Accessing the Cutting Edge: Implementing Technology to Transform Quality in SE Kern (California)

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Summary:

In Kern County, in southeastern California, 74 percent of all deaths are related to chronic disease even though 91 percent of the population is under 65 years of age. Based on the findings of an Agency for Healthcare Research and Quality (AHRQ)-funded planning grant, infrastructure, access, and education were identified as critical issues that must be addressed in order to improve quality and chronic disease management in this region. The findings and issues of the planning grant led to the identification of three key aims for a followup project, funded by an AHRQ Implementation grant, to develop a regional health information exchange (HIE) with relevant electronic data to exchange in a rural community. Specifically, this project sought to:

  1. Build infrastructure by creating a culture, an organization, and mechanisms that promote safe and high quality of care;
  2. Enhance the health professions' workforce through education and organization; and
  3. Enhance quality of care using health information technology (IT).

The following four comprehensive health IT strategies within these key aims were implemented and evaluated:

  1. Establish an administrative and governance infrastructure, the East Kern County Information Technology Association (EKCITA), to guide and sustain development of the HIE, personal health record (PHR), and teleconsultation services over time.
  2. Design and implement a rural HIE for the Tehachapi area linking the local hospital, rural health centers, private primary care practices, pharmacies, radiologists, and laboratories.
  3. Implement a tele-ophthalmology service for Tehachapi residents.
  4. Implement a PHR for patients living with diabetes.

The investigators found that the realities of implementing health IT strategies are more difficult than that of a design or plan put on paper. There were many valuable lessons learned through the process of adoption and utilization of health IT that will be helpful for project expansion or for organizations newly engaging in such a process. Some lessons include building the option to push selected data collected from the HIE into the existing electronic health record (EHR) for workflow integration and ease of the provider; discussing in-house server or Application Server Provider model for EHR selection; understanding differences in support services; and the understanding that isolated rural locations may not receive adequate response times to operate certain health IT software. In addition, the tele-ophthalmology service was implemented and evaluated but was not sustained due to inability to bill for retinal scans and issues that arose with the location of the equipment.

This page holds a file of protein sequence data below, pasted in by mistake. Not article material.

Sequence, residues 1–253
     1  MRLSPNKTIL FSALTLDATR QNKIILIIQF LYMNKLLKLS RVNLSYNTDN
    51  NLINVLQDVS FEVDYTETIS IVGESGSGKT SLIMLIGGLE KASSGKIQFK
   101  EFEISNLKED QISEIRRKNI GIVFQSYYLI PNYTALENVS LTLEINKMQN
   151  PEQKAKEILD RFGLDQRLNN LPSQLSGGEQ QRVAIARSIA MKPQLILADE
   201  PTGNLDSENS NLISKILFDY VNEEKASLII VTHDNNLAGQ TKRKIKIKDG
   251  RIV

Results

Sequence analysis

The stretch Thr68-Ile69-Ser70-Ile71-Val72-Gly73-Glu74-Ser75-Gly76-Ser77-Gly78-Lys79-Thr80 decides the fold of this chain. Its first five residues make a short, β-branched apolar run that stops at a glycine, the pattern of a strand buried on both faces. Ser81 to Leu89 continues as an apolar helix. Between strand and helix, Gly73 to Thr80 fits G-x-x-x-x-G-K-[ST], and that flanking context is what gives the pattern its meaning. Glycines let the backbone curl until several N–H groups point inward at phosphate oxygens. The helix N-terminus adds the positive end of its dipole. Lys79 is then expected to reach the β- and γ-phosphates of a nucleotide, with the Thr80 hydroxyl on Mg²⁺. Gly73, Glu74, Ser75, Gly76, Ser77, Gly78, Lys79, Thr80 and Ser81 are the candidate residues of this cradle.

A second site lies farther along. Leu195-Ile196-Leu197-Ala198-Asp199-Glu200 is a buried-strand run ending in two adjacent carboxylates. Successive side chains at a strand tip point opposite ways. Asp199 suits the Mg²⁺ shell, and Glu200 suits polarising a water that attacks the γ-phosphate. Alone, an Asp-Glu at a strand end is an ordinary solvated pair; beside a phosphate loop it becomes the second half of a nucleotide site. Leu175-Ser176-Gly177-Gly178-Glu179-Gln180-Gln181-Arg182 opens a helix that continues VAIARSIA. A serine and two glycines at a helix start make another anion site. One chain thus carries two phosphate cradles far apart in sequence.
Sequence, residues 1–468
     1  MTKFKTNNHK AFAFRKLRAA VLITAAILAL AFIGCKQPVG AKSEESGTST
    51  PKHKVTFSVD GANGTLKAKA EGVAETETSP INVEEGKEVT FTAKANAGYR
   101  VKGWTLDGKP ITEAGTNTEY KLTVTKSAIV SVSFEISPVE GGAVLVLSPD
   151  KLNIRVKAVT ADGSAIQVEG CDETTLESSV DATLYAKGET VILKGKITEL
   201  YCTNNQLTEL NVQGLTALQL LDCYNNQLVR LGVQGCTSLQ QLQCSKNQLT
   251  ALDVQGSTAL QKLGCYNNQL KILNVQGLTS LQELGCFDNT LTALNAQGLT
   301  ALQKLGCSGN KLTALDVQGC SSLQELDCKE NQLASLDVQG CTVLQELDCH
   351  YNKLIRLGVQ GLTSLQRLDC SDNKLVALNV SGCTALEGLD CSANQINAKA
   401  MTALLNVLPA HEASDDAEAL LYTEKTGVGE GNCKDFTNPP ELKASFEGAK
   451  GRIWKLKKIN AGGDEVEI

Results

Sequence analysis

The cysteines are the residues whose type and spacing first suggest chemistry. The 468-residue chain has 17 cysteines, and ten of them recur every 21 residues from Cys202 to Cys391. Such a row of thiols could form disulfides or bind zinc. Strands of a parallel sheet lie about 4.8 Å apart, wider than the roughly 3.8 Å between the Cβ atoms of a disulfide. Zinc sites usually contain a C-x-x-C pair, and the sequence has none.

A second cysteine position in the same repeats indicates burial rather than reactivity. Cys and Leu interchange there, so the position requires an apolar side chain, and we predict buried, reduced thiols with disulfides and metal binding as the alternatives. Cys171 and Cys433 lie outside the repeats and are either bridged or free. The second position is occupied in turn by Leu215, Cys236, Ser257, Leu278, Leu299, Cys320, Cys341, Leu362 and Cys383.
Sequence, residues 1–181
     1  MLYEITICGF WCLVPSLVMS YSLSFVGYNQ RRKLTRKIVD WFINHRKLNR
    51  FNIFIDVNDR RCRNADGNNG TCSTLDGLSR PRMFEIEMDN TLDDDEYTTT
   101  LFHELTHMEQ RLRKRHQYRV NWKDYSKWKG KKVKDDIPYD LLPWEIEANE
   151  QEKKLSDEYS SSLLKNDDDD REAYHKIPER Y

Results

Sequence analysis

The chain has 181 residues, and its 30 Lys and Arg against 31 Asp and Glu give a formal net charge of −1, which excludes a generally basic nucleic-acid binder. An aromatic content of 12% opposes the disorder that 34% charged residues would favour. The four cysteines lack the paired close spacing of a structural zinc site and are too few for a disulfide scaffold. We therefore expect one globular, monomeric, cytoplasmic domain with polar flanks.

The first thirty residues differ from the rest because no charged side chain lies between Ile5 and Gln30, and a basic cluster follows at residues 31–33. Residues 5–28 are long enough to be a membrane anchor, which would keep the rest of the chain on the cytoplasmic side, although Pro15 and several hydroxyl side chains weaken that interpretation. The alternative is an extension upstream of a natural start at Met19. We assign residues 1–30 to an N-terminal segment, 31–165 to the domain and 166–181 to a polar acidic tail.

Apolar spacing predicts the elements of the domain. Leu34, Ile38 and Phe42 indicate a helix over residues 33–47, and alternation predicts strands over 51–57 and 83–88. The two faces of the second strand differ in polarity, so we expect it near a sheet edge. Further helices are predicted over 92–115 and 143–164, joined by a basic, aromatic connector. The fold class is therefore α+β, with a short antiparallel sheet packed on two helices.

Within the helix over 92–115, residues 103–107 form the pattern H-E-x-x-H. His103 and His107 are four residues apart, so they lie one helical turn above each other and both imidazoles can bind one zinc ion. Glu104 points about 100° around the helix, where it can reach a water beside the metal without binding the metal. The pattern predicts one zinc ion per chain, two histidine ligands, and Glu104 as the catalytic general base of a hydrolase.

Accessing the Cutting Edge: Implementing Technology to Transform Quality in SE Kern - 2009

Summary Highlights

  • Principal Investigator: 
  • Funding Mechanism: 
    RFA: HS05-013: Limited Competition for AHRQ Transforming Healthcare Quality Through Information Technology (THQIT)
  • Grant Number: 
    UC1 HS 016146
  • Project Period: 
    September 2005 – May 2009, Including No-Cost Extension
  • AHRQ Funding Amount: 
    $1,484,361
  • PDF Version: 
    (PDF, 443.93 KB)


Target Population: Adults, Diabetes, Medically Underserved, Rural Health*

Summary: The project seeks to increase health quality in California’s rural Southeast Kern County by implementing health information technology including electronic health records (EHRs), personal health records (PHRs), health information exchange (HIE), and tele-ophthalmology services.

The project established an administrative and governance infrastructure, the East Kern County Information Technology Association (EKCITA), to guide and sustain development of the HIE, PHR, and tele-ophthalmology services. EHRs were implemented in three rural health centers (RHCs) and two provider offices, enabling these practices to electronically collect patient data and make them available via the HIE. A Web-based PHR system (MyHealthKeeper) was implemented as a diabetes self-management tool. A tele-ophthalmology service was implemented between the EKCITA and an ophthalmologist in Bakersfield, California, to address the needs of patients with diabetes and to screen for and manage patients with macular degeneration. The project was evaluated with a mixed-methods approach that used quantitative data from the HIE, tele-ophthalmology, and PHR systems and qualitative interviews with key informants.

All health care organizations and providers in Tehachapi agreed to participate in the HIE. Three rural health clinics, two private practices, and the region’s hospital are exchanging data through the EKCITA HIE. Three primary care practices have Web links to EKCITA but read-only access to the system because they do not have EHR capabilities. Two other primary care practices with EHR systems will be connected to the system post-project when interfaces between their EHR systems and the HIE can be built.